In other words, if wind turbines do not operate at 10 meters height, why do they compare their target wind resource to a 10 meter height?
Answer: Because it makes their advantage look more impressive than it really is. And remember, they just said regular turbine blades do reach up to 200 meters at the tips.
So that is where we can see a cherry-picking of what info to present, and in the case of the wind resource, the data shown is misleading.
Also, as Pierre points out, if you have an average output of less than ~100 kW, the competition might be a 250 kW wind turbine, which might be cost-competitive? Anyway, I was swayed by those graphics too, until I thought about it just a bit. :slight_smile:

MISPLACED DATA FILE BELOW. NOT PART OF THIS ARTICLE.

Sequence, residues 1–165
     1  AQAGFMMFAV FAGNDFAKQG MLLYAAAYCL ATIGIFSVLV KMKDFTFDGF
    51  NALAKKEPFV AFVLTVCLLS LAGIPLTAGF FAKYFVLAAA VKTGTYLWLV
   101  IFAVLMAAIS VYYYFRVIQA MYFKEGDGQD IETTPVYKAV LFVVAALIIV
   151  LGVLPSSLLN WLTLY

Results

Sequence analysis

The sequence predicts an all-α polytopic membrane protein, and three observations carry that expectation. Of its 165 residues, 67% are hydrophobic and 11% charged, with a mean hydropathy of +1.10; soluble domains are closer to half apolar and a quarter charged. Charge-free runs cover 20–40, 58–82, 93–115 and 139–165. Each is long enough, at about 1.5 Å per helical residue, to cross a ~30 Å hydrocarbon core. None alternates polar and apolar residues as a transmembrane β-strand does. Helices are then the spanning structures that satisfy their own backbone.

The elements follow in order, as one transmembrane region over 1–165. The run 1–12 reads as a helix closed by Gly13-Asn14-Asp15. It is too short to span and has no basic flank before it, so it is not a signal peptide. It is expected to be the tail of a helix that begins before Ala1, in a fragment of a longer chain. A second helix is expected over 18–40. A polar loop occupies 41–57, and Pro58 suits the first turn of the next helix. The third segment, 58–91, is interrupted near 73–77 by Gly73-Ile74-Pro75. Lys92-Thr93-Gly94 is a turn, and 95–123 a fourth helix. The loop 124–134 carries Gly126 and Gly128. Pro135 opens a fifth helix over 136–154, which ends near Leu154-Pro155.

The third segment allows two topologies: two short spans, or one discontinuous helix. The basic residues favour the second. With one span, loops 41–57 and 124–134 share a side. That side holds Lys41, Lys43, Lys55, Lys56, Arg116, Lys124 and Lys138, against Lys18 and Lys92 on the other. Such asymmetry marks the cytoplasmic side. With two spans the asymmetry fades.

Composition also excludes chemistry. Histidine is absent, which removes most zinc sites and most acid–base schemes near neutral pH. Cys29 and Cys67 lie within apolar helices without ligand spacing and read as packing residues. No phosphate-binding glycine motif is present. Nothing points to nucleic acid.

Also, these systems seem like they might require a lot of maintenance as they age and especially if they regularly or even continuously operate.
So, as impressive as the presentations seem,

That’s an advantage Skysails offer… They do all of the operation & maintenance.
No surprising
Such a novel tech, you want everyone to keep their paws off.
They are doing all of their own manufacture for worldwide markets.
Did they say 80 systems sold? (That may have included shipping power)
Sounds like manufacture is scaling nicely
Listen at 2x speed if you get bored @dougselsam

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I thought I remembered eight (8). And that video was old, so is it still at 8?
Yes GE makes money on servicing jet engines, and car dealers make money on repairs - some say that is their main profit center.